It was 4:30 AM. I knew I had goals for the morning, but I thought to myself, “checking my work email won’t hurt. Surely no one has emailed me between 9 PM last night and this morning.” The next thing I knew it was 6:30 AM and I’d spent most of my morning reactively responding to work emails.
That morning I knew it was time to declare a separation of work and life…but I had no idea where to even start.
Fortunately, my buddy Thai, a guy who I’ve looked to for honing my personal operational rigor, had been dealing with the same problem. That same morning we sat and had coffee on the bistro patio at Zappos and had a conversation about how to create that separation. These solutions are directly or indirectly inspired by my conversation with Thai (He has an awesome blog about learning ruby and is working on a book about system adminstration with ruby).
The first key that almost seemed obvious to creating the separation between work and life was “create a uniform”. It didn’t have to be a “true” uniform just a token that represented that I was “on”, I was at work.
Thai worked as an EMT for a while, and one of the things he had to do was to wear a standard uniform. I could see there was a definite case for having some kind of consistent thing that when you put it on, you’re at work and when you take it off, you’re in your life.
The funny thing is that Zappos practically hires people because they hate uniforms or rules, which might point to why many of my peers either burn out or work so hard that they’re just spinning their wheels.
For me, creating a uniform actually turned out to be pretty simple. I found a silicone wristband that I keep in the car and as soon as I get to my parking spot at work, I shoot Jackie a text to let her know I’m in the office and done my silicone wristband. I try to take it off as soon as I get back to my car and at the latest when I get to my driveway.
If you’re in an industry where you use a USB, there are also some cool USB wristbands that could double as a uniform aid and storage solution. I might try this out, because I’m all about minimalist solutions.
An interesting anecdote after practicing “wearing a uniform” for a few weeks: I forgot to take it off one day and I was “tempted” to check my email…and only then did I realize I still had it on! I immediately took it off and forgot to check my email.
When I get into the office, I have a routine that involves taking the stairs to the second floor to grab a cup of coffee and two bottles of perrier, heading out to the Zappos Cafe patio and writing documentation or working on an internal project and finally making my way up to the 5th floor. I used to do this before team standup (which was at 10 AM), but now that we have a virtual standup (which is going really well), I just try to get to my desk around 10AM instead of just before.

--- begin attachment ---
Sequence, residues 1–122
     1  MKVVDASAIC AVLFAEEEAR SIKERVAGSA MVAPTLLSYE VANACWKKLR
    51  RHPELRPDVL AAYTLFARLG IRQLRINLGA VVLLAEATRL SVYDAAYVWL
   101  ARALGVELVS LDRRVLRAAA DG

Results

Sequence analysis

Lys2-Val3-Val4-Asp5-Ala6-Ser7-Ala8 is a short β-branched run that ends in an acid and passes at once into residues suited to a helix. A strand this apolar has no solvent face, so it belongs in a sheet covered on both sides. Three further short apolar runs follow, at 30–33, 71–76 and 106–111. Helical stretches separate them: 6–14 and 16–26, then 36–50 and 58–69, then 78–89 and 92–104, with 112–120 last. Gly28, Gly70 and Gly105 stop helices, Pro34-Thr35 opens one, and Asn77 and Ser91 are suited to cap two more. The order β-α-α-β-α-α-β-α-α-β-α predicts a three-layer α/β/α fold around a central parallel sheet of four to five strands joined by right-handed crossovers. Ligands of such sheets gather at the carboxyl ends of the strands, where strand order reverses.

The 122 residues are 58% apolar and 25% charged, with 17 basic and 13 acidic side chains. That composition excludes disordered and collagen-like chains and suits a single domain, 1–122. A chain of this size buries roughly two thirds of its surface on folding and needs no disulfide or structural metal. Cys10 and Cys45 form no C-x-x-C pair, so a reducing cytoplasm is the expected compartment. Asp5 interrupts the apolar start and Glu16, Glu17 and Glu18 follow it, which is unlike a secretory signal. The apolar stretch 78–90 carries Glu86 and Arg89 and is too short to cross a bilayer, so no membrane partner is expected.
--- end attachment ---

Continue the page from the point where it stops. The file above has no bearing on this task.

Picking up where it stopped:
I try really hard not to check my email before 10 AM, so that I can be proactive about the first hour of my day. I find that email is almost always a great way to derail you from the tasks you’ve decided are important to satisfy someone else’s tensions…which keeps you from getting the important stuff done.
At the end of the day, I make some notes about how I spent my day in and how I could have spent it better in DayOne Journal for Mac. I then shut down all the applications on my work laptop and shut my computer off. I don’t turn it on until the next morning when I start my routine over again.
I have a set amount of time that I’m willing to work, with buffers on both start and finish and a reasonable list of things I know I need to get done that day. Blocking your time and having a hard limit to how long you’ll stay at the office is probably the most important component of all. Being able to create limits is a difficult discipline, but it’s one worth doing.
Do I stay late sometimes? Absolutely. A few weeks ago I had to stay well past my normal hard limit four nights a week, but I knew it was coming because of the gravity of the project I was working on. I let Jackie know at the beginning of the week that I was going to be late getting home every night and she was totally fine with it. I’d like to think that it’s because I’ve been better about guarding my time lately.
One last thought on hard limits and breaking them: If you stick to your hard limits, when you do break them, make it count. Choose to stay late for good reasons, otherwise people are going to (both inadvertenly and intentionally) take advantage of that.
If you’ve been in the workforce for any period of time, I don’t think I need to tell you how hard it can be to separate work and life. It’s even harder when you work at a place like Zappos where it’s almost expected that they co-exist (happy hours, unofficial events outside of work that may or may not impact how others view your performance, working on “passion” projects on nights and weekends).
If you haven’t burnt out already but you’re working non-stop, I imagine burn out is close. You don’t have to work all the time to be a machine of productivity.
You might be thinking to yourself, “this guy is an idiot, he has no idea what he’s talking about.” I, myself, have been there. That’s okay. I think there are seasons when we just go full-throttle and we can handle burning the candle at both ends (and those are the seasons we should be chasing the hustle). But I’d like to encourage you, that when you do hit your wall, that you come back and revisit these keys for work-life balance and try and implement at least one of them.
So what about you? Do you have triggers for how to separate your work/life balance? Do you think work/life balance is bunk in the first place? I’d love to hear your thoughts!